What Michael Jordan Knows about Kinetic Stability

14488009097_e53a939d37_k This post is by Dennis Rader

Jordan’s poised confidence on the basketball court emerged from years of effort and success at his chosen endeavor. He has reflected deeply and consistently about the challenges, both internal and external, of the art and science of his sport. He found the factors, whether internal or external, holding him back—and got rid of them. It is extremely difficult, and unusual, as his opponents will attest, to either shake his confidence or disrupt his focus. Jordan is a reflective practitioner of the game of basketball, who knows how to achieve and maintain a state of flow while playing, with tremendous kinetic stability at his chosen endeavor.

Kinetic Stability is the personal or organizational ability to maintain, repair, and even develop one’s GYROSCOPE and WINGS in the midst of dynamically complex situations and life’s assaults upon balance and direction—to keep moving with purpose and effectiveness despite disruptive influences.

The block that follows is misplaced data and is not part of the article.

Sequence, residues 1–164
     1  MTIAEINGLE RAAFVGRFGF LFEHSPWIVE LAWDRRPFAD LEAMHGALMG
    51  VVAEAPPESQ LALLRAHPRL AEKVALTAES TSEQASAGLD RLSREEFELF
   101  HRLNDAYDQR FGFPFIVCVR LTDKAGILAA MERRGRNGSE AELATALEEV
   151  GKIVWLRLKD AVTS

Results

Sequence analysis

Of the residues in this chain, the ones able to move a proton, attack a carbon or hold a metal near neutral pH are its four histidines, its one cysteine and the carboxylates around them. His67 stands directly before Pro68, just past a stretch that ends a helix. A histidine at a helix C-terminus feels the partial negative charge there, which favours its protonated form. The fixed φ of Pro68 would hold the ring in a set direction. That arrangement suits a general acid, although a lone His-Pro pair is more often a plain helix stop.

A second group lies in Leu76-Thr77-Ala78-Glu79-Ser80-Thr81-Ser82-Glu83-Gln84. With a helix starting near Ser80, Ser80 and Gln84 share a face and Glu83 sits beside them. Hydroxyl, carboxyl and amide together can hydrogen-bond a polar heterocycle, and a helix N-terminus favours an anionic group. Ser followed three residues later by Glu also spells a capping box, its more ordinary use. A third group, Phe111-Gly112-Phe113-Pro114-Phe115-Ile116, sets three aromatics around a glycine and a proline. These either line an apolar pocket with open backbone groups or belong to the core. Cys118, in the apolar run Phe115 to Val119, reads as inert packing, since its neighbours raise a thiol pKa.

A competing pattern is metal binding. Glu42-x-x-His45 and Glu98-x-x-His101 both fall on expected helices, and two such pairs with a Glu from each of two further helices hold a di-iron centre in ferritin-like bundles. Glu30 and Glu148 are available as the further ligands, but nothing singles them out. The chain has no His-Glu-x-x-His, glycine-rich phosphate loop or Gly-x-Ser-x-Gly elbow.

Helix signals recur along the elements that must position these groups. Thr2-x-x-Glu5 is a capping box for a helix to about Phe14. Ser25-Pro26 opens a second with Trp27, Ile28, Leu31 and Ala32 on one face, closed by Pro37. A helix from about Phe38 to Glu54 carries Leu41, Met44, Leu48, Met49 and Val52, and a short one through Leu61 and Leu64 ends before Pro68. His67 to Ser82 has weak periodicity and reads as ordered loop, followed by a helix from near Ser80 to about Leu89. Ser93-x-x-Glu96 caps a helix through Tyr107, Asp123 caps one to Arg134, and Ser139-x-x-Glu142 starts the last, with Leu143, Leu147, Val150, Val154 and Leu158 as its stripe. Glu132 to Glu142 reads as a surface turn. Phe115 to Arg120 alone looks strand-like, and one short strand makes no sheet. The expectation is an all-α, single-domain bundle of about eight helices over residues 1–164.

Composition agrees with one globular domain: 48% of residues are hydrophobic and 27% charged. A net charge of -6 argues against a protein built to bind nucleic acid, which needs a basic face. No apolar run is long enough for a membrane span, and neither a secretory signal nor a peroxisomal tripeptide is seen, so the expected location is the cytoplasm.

Image a canoe scuffling with the rushing current to impose its will for direction and momentum. Can it get to where it wants to go? Can it resist the attempts of the current to confuse and capsize it? Can the canoeists overcome their fear and rejoice in the challenges of riding the current? Can they develop kinetic stability?


Kinetic Stability is the best indicator of possible intelligent action. Problems are consistently faced and solved; products are consistently imagined and produced. 

Those individuals and organizations that lack Kinetic Stability will more easily wobble, weaken, and fall to the wolves. They will lack the wisdom to forge strength and effectiveness.

Individuals and organizations that have Kinetic Stability are more likely to establish and maintain the psychological state of flow, the momentum of effectiveness. They continuously learn.

Good learners, whether individual or organizational, increasingly move with purpose and effectiveness despite disruptive influences—because they learn from those influences. (Influence means “to change the flow.”)

Change is mandatory—Growth is not. Individuals and organizations with Kinetic Stability consistently find ways to choose and forge growth—to move constructively.

Kinetic Stability indicates the “flexible soundness” of an identity—its true integrity.

Take some time to reflect on these points about Kinetic Stability and come back next week for the second installment!

Photo by Angie Accarrino